Nov. 30 (Bloomberg) -- Testimony by a Bank of America Corp. employee in a New Jersey personal bankruptcy case may give more ammunition to homeowners and investors in their legal battles over defaulted mortgages.
Linda DeMartini, a team leader in the company’s mortgage-litigation management division, said during a U.S. Bankruptcy Court hearing in Camden last year that it was routine for the lender to keep mortgage promissory notes even after loans were bundled by the thousands into bonds and sold to investors, according to a transcript. Contracts for such securitizations usually require the documents to be transferred to the trustee for mortgage bondholders.
In the case, U.S. Bankruptcy Judge Judith H. Wizmur on Nov. 16 rejected a claim on the home of John T. Kemp, ruling his mortgage company, now owned by Bank of America, had failed to deliver the note to the trustee. That could leave the trustee with no standing to take the property, and raises the question of whether other foreclosures could similarly be blocked.
Following the decision, the bank disavowed the statements by DeMartini, whom it had flown in from California to testify. It was the policy of Countrywide Financial Corp., acquired by Bank of America in July 2008, to deliver notes as called for in its securitization contracts, according to Larry Platt, an attorney at K&L Gates LLP in Washington designated by the bank to answer questions about the case.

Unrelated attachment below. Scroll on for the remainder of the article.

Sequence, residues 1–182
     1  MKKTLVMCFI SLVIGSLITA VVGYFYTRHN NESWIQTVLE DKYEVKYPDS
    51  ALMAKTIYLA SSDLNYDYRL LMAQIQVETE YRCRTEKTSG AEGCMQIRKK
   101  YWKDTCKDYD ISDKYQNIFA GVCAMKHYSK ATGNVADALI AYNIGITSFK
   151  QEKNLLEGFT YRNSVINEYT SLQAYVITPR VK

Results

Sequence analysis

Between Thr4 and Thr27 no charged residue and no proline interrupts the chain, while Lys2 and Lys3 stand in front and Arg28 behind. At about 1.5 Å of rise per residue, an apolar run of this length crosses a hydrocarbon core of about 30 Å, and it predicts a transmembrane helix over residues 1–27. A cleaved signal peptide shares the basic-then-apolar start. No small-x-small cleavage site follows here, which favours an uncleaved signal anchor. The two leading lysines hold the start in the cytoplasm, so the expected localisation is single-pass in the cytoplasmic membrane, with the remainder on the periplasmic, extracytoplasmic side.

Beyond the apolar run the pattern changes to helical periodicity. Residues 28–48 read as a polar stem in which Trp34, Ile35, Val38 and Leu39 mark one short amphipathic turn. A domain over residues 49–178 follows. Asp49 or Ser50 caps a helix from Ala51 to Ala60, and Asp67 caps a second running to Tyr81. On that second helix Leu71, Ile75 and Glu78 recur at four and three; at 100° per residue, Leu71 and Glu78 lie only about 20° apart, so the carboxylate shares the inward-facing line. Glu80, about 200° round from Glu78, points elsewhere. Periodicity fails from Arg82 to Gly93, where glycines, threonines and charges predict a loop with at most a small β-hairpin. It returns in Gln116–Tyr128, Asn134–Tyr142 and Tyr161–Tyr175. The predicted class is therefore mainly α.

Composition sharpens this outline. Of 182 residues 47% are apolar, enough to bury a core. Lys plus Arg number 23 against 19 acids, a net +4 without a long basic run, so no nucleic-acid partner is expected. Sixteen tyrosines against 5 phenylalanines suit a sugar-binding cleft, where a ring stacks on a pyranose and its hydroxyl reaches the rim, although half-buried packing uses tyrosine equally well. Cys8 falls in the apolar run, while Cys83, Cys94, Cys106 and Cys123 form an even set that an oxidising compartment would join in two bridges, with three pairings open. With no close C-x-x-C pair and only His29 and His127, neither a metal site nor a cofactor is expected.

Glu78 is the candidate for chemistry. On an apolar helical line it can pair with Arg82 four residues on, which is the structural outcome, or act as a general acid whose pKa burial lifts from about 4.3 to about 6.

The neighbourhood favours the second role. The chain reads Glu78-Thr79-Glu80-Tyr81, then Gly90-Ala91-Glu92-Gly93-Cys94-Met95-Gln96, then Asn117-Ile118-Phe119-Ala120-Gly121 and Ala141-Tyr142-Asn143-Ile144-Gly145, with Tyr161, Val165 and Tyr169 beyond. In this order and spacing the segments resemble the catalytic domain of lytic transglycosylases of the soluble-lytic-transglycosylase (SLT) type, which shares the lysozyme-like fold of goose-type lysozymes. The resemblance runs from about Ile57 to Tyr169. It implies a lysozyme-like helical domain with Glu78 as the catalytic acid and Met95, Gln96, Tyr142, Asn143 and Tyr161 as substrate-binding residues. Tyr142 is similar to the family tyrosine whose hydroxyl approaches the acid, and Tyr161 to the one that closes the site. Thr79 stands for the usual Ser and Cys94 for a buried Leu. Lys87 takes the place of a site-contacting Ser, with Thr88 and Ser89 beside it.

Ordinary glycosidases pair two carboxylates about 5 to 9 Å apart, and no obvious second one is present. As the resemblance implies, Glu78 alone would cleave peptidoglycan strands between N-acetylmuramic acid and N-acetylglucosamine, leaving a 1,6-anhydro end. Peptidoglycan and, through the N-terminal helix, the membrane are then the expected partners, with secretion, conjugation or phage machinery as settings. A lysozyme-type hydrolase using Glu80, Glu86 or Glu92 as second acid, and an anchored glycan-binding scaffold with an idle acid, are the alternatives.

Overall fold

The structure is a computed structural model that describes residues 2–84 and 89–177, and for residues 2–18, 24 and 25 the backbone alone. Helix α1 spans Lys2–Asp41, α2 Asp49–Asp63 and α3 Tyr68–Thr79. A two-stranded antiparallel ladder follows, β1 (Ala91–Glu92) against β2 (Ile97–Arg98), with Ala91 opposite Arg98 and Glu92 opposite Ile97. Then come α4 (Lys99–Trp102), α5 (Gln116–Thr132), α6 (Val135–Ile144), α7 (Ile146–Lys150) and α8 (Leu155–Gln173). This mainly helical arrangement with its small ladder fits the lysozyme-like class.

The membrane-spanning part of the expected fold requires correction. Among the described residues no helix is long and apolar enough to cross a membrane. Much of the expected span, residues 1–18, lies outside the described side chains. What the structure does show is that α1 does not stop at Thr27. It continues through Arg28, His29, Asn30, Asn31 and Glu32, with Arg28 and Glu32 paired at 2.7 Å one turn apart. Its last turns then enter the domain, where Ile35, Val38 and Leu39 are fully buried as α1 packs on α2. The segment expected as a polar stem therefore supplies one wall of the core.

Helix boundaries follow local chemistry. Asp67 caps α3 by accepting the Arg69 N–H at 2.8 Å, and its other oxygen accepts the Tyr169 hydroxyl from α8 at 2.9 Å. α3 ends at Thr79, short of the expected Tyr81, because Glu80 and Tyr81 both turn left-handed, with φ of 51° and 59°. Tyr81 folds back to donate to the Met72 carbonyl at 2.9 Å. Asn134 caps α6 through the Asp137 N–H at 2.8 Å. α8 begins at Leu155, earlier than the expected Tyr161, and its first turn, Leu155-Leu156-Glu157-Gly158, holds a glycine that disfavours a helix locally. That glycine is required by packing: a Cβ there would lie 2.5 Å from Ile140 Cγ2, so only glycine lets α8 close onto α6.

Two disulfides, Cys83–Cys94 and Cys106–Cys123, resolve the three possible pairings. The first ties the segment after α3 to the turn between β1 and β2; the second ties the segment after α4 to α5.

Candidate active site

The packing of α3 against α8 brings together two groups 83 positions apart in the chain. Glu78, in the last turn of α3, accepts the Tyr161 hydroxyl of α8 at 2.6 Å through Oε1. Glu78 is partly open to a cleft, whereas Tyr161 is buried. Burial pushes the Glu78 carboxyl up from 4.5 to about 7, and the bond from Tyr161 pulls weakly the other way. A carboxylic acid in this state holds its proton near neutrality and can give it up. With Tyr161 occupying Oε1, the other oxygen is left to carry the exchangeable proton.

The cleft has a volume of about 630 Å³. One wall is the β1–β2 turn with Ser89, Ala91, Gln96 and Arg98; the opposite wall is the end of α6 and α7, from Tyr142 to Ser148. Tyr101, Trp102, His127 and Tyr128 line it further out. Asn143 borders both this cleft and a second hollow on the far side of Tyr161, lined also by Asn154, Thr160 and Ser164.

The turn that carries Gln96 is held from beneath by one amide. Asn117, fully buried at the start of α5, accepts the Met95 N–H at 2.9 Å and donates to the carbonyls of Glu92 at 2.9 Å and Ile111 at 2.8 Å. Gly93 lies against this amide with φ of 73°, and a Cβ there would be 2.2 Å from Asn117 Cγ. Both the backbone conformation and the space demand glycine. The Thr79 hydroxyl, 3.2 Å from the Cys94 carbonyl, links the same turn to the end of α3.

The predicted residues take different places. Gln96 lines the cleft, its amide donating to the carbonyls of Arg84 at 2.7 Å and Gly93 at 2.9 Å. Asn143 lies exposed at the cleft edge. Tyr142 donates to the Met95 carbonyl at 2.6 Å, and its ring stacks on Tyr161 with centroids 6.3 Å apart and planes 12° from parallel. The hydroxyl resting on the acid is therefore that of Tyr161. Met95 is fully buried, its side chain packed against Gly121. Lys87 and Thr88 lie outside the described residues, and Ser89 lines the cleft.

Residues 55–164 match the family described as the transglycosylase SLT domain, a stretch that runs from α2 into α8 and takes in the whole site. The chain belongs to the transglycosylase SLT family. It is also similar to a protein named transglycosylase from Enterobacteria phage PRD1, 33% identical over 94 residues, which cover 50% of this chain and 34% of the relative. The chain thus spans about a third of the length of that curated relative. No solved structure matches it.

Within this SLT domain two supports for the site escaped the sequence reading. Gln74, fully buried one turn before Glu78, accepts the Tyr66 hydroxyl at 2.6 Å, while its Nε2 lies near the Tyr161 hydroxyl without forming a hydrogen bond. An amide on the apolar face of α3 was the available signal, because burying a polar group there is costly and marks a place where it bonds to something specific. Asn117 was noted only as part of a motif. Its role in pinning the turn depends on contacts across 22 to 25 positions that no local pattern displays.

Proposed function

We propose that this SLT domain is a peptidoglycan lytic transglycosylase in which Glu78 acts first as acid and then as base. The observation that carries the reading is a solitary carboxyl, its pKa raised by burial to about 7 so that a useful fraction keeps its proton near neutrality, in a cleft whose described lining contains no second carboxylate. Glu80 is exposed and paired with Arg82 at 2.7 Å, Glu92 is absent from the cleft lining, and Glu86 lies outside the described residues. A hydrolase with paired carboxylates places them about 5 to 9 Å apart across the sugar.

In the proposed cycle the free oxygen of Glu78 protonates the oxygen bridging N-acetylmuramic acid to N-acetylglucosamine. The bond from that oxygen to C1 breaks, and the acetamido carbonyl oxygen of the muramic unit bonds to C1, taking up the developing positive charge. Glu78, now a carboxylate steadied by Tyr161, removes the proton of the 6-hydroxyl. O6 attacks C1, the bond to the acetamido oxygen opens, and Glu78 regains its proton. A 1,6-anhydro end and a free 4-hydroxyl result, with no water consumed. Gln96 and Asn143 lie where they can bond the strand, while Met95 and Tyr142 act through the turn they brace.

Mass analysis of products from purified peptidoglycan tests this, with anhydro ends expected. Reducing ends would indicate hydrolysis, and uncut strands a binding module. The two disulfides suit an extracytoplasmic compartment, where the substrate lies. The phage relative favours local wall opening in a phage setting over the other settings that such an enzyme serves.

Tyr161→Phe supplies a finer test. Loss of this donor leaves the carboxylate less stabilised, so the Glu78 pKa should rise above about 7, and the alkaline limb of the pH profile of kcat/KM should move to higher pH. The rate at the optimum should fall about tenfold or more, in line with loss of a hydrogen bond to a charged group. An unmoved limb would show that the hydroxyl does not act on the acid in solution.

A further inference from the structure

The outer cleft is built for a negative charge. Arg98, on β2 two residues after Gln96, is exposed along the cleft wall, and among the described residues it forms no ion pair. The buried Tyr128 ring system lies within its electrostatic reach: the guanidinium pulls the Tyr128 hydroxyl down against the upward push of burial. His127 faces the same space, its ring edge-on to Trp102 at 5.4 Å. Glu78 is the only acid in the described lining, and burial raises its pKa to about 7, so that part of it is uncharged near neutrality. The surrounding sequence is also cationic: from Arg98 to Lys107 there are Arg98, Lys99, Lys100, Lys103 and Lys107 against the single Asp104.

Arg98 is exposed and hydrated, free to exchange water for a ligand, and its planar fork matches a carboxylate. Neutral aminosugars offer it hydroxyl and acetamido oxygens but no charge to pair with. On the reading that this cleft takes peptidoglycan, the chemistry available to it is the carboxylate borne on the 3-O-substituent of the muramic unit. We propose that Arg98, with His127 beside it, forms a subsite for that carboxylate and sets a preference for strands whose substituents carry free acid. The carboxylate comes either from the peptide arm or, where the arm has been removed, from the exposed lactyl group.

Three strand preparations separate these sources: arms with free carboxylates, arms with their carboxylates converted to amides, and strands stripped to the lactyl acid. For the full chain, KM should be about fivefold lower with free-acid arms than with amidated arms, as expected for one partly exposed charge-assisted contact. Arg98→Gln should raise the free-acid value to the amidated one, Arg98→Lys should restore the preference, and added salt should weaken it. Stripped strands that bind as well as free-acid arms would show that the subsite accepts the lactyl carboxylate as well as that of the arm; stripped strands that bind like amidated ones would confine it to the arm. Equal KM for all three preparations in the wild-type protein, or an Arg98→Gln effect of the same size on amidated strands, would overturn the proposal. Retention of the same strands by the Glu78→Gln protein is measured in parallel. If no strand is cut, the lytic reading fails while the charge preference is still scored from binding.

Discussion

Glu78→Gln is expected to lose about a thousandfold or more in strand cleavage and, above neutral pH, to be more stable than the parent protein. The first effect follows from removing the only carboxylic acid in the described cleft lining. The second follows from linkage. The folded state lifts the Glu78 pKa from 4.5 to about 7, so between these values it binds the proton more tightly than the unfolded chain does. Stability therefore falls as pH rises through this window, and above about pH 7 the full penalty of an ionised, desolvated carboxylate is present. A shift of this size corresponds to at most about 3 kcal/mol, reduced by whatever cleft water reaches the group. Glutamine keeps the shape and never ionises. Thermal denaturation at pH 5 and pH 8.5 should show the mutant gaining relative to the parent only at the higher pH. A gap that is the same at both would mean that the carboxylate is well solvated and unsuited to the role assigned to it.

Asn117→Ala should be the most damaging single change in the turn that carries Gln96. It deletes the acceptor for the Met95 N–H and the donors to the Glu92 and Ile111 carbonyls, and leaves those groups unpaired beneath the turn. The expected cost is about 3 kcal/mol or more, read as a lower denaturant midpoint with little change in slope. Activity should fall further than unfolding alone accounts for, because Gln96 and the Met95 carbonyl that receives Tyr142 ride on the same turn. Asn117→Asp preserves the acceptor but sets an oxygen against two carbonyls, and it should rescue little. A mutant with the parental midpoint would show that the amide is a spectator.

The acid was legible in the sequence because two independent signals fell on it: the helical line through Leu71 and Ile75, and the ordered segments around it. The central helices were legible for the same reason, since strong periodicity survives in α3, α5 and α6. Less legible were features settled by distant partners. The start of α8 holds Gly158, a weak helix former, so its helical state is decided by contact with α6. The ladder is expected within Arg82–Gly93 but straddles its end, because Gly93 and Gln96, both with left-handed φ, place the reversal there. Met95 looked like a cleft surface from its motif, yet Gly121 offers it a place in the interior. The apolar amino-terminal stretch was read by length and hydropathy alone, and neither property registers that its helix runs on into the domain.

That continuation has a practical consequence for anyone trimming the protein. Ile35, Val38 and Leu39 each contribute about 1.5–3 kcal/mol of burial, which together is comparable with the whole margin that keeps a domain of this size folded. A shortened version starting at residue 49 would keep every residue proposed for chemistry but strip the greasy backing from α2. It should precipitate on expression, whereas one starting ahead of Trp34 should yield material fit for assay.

“This particular employee was mistaken in what she said,” Platt said in a telephone interview.
Wizmur’s ruling is being scrutinized by lawyers for borrowers seeking to stall repossessions as a way to press lenders to modify their debt. Attorneys for homeowners have already won cases by calling into doubt the legitimacy of affidavits used to take back properties.
“If this is correct, many, many, many foreclosures already occurred in which this plaintiff didn’t have the note,” said Bruce Levitt, the South Orange, New Jersey, attorney representing Kemp. “This could affect thousands or hundreds of thousands of loans.”
Companies that service loans, including Bank of America, temporarily halted home seizures in the wake of disclosures that they relied on employees to sign thousands of affidavits without reading them, a practice that has become known as robo-signing. The attorneys general of all 50 states are jointly investigating foreclosure practices of servicers.